Increasing your credit score can drastically change the terms of loans and credit offers you receive, thereby saving you money with lower interest rates and finance fees. This is particularly important with large purchases, such as when you decide to purchase a new home or car. Your low credit score can alter the terms of loans, even if your sweetie has excellent credit, as lenders will assess the two of you together if you're applying for credit together.
When speaking of credit scores, people typically mean the FICO score, a three-digit number between 300 and 850 that calculates your creditworthiness based on numerous factors. The FICO formula was developed by Fair Isaac Co. and is widely used by credit card companies, banks, and auto and mortgage lenders.
Your payment history affects your credit score more than any other factor, accounting for 35 percent of FICO's formula. Paying your bills on time is the single most important thing you can do to raise your credit score. Letting an account go 30, 60 or 90 days past due will decrease your score. However, the impact the late payment has on your score will diminish over time, particularly when you get yourself back on track.
Consider asking your creditor to re-age your account if you were late on a payment or two, then resumed on-time payments for at least six to 12 consecutive months. Re-aging an account typically erases the negative mark on the account, thus increasing your score. Most creditors are willing to forgive past mistakes if you've deemed yourself dependable since then.
Pay down your debt or spread it among your accounts so that none of your balances are more than 50 percent of the available credit extended to you for that account. Maintaining a small balance on each of your accounts -- even if you use them to pay recurring bills, such as utilities, then pay them off each month -- will keep the accounts active with a low balance, resulting in a higher score. Never max out your cards if you can avoid it. Instead, use a savings account for emergencies and replenish the savings if possible.
Paying off closed or charged-off accounts won't remove them from your record, although it may be looked at favorably by potential creditors and may raise your score slightly.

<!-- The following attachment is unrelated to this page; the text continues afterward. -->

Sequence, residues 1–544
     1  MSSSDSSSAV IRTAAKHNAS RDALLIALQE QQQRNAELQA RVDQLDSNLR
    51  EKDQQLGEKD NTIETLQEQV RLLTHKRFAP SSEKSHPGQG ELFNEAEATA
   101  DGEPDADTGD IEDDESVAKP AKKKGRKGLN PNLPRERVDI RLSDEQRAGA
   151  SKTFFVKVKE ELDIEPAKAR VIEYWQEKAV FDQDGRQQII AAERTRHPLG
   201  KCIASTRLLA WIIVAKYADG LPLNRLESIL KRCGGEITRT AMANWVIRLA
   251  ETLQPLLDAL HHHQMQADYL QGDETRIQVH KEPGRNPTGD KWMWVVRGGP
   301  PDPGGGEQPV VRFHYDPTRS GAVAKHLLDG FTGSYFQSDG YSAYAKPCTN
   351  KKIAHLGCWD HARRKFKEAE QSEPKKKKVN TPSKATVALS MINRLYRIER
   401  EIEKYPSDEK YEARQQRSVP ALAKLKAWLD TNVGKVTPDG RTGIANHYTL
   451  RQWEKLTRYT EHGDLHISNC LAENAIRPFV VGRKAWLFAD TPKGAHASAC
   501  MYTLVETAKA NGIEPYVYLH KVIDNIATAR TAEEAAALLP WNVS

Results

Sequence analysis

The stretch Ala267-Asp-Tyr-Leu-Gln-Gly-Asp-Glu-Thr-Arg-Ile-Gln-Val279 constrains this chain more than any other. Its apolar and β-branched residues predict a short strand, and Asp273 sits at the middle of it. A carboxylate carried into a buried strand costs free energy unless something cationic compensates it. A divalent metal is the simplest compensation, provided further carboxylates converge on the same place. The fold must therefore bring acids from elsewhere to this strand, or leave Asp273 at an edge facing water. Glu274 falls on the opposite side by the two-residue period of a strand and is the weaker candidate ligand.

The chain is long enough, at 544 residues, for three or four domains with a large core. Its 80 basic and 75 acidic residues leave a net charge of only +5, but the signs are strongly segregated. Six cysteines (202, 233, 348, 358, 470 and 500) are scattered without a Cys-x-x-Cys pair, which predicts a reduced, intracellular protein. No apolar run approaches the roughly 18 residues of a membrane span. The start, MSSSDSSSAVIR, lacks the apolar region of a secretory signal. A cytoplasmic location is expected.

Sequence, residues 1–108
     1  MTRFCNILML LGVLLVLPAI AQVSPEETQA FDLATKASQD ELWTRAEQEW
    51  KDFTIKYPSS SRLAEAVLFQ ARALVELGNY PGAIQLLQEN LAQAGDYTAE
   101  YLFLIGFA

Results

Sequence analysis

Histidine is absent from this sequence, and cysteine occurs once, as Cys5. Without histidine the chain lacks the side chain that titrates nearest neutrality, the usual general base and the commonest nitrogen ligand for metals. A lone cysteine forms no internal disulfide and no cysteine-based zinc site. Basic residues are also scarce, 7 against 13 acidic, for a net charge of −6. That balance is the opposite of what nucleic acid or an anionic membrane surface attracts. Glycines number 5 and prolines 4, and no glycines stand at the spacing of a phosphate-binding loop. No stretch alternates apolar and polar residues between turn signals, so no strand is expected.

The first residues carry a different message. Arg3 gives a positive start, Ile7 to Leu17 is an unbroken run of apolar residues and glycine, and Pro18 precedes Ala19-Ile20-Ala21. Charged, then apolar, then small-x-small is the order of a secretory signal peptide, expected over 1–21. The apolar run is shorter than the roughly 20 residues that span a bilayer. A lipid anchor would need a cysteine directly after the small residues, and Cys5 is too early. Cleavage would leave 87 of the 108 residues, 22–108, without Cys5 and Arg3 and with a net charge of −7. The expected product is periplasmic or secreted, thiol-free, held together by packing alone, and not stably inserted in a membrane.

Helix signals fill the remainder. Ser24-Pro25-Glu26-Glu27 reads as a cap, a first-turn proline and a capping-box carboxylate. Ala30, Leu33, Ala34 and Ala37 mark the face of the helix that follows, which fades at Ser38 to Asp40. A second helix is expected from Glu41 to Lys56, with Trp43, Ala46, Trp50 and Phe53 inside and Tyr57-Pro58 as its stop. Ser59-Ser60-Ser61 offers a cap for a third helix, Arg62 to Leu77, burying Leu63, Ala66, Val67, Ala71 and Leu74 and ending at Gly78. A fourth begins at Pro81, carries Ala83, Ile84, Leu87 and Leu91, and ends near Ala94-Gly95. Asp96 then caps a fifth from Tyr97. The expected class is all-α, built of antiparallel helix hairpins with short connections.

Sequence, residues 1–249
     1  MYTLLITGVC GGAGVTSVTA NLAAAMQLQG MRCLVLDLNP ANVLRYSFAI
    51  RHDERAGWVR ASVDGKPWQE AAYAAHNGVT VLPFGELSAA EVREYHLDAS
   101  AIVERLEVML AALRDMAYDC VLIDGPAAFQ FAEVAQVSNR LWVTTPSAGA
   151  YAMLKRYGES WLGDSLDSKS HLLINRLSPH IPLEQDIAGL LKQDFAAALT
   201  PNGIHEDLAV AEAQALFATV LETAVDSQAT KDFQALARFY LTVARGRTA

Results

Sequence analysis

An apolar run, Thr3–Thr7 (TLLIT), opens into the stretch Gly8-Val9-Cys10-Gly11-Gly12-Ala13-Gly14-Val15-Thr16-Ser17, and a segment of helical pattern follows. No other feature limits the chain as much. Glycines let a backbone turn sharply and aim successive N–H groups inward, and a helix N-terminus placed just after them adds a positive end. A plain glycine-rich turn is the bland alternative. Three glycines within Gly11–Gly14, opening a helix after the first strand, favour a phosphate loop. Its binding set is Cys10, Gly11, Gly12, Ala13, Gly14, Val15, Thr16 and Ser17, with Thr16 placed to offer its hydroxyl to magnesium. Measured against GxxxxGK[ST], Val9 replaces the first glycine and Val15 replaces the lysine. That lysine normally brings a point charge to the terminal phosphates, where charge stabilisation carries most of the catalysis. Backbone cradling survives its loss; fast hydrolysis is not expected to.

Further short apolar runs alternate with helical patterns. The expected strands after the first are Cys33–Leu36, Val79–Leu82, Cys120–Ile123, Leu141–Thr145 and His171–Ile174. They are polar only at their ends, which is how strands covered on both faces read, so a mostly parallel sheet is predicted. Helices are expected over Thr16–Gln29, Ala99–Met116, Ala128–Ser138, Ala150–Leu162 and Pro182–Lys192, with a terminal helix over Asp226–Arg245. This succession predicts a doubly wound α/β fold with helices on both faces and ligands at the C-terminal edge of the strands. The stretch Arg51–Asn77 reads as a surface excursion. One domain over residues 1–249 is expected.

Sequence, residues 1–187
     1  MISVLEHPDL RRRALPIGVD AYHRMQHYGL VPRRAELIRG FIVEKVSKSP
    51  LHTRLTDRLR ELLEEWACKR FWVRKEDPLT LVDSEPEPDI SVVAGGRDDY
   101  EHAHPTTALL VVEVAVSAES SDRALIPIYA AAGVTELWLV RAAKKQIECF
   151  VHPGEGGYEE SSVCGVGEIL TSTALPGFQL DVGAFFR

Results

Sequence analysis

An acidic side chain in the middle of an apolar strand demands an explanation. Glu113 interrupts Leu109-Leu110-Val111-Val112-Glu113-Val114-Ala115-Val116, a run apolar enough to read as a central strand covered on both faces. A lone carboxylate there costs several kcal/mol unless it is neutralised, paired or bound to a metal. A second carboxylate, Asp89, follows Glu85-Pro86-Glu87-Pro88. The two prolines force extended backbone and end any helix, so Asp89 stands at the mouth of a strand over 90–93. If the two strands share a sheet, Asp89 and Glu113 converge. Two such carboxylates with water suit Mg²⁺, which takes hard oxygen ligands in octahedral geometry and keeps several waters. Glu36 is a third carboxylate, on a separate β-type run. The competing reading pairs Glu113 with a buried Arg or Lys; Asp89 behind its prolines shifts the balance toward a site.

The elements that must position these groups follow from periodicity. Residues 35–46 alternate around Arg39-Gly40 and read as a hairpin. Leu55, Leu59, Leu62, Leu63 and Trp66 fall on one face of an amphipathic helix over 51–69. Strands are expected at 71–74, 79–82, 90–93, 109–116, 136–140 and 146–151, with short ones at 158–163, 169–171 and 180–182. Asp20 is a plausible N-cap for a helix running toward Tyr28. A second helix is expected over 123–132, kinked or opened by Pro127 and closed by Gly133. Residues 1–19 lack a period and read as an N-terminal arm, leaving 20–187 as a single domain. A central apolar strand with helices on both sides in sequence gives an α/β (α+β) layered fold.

Opening too many accounts at once will typically damage your score, as the average age of accounts affects your score. Besides, it looks risky to lenders if you suddenly go out and get a bunch of credit.
If you want to shop for a loan, such as a car loan or mortgage, limit yourself to applying with various lenders over a short period. FICO recommends you limit this time frame to 14 days, as multiple inquiries for the same type of loan will only count as one inquiry over a short time.
Consider opening a couple of secured credit cards or secured personal loans if you are trying to rebuild your credit and don't qualify for unsecured loans. Think of it as putting money in a savings account you can't touch. Most lenders will release your savings (plus interest) after 12 to 24 months of positive credit history. No one will know if the account is secured except you and the lending institution, so a secured account will have the same effect on your credit as an unsecured account, showing you can handle credit responsibly if you pay your bills on time.
Account information, whether positive or negative, will stay on your credit for up to seven years. Some negative marks, such as bankruptcy, can stay on your report for up to 10 years. The older the item is, the less it will impact your score.
The types of accounts you have will come into play, as well. Your credit score will reflect well if you have a combination of different types of accounts in good standing. For example, a car loan, mortgage and credit cards show a healthy mix of credit if you are managing your accounts well. Don't open new accounts that you don't need just to diversify the type of accounts you have, as opening a new account may harm your score.
You are entitled to order a free copy of your credit report from each bureau, Experian, Equifax and Transunion, once per year from annualcreditreport.com. Order your credit reports and confirm that any negative information is yours and is accurate. If negative items are inaccurate, send dispute letters to the bureau and creditor. Removing inaccurate negative information will likely result in a higher score.
Closing an account due to a negative mark will not remove the account or negative information from your credit report or score. In fact, closing accounts can damage your score, especially if the account is paid off, as that decreases the amount of credit you have available, thereby raising the percentage of credit you are utilizing. If you want to close credit card accounts, it's in your best interest to close newer accounts, as closing older accounts will lessen the average age of your accounts
- How Often Are Credit Payoffs Reported?
- Can You Rebuild Credit After Your Accounts Have Been Charged Off?
- What Kind of Loans Will Improve Credit the Most?
- Does Ending a Credit Card Hurt Your Score?
- Ways to Fix Your Credit Score
- What Does "Rescore" Mean on a Mortgage Loan Application?
- The Fastest Ways to Raise My Credit Score
- Will Early Mortgage Payoff Negatively Affect Credit Rating?